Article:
Remember the first time you tried to drive a car? Did you scare yourself and whoever was with you to death? Did you make it? Well, think of your first knitting project the same way. 

You can wash these dishcloths just like the cloth ones. Mine usually fade after a while, but again, my dishes don't care. Once you make a few for yourself, make some and give them away. Most women love something homemade, handmade and useful. Dust catchers (knick knacks) are nice sometimes, but something useful is even better. I usually stick a little note on it, or tell the person, "Now you have something to help you wash your cares away." I have also been known to tell someone that prayers were knitted into every stitch, just for them. It is a nice little something that is easy to give away.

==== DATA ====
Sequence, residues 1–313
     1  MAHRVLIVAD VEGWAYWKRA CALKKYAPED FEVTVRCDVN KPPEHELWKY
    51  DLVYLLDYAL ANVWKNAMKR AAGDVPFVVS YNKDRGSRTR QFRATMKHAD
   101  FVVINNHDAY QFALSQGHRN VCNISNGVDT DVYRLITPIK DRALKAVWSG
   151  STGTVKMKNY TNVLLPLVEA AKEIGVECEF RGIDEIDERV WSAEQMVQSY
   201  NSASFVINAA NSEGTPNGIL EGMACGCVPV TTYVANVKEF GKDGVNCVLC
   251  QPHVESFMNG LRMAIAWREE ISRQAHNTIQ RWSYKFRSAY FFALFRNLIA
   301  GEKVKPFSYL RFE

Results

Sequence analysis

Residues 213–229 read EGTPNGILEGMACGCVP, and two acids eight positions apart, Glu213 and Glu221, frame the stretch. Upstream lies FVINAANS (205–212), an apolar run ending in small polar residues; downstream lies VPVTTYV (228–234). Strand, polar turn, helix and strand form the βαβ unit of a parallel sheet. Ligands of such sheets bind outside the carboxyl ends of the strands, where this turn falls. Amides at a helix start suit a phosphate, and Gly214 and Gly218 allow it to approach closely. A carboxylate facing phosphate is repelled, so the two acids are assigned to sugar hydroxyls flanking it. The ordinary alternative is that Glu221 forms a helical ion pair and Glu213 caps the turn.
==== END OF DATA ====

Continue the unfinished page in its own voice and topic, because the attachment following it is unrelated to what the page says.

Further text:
Until next time - Fern


  1. My mother-in-law used to make these by the dozens and gave them away as gifts. We are so thankful for them and every time we use them we think of her. She passed over on May 9 this year.

    Our daughter crochets beautifully, but now wants to learn to knit to take up where her grandmother left off; providing the family with dish clothes. They work so nicely as dust clothes, also.

    Your picture of the dish cloth where you used up bits of odds and ends yarn made me smile. Mom used to do that also :).

    What a wonderful tutorial post. Thank you.

  2. Fern-
    I'm a long time shameless and unrepentant knitting addict!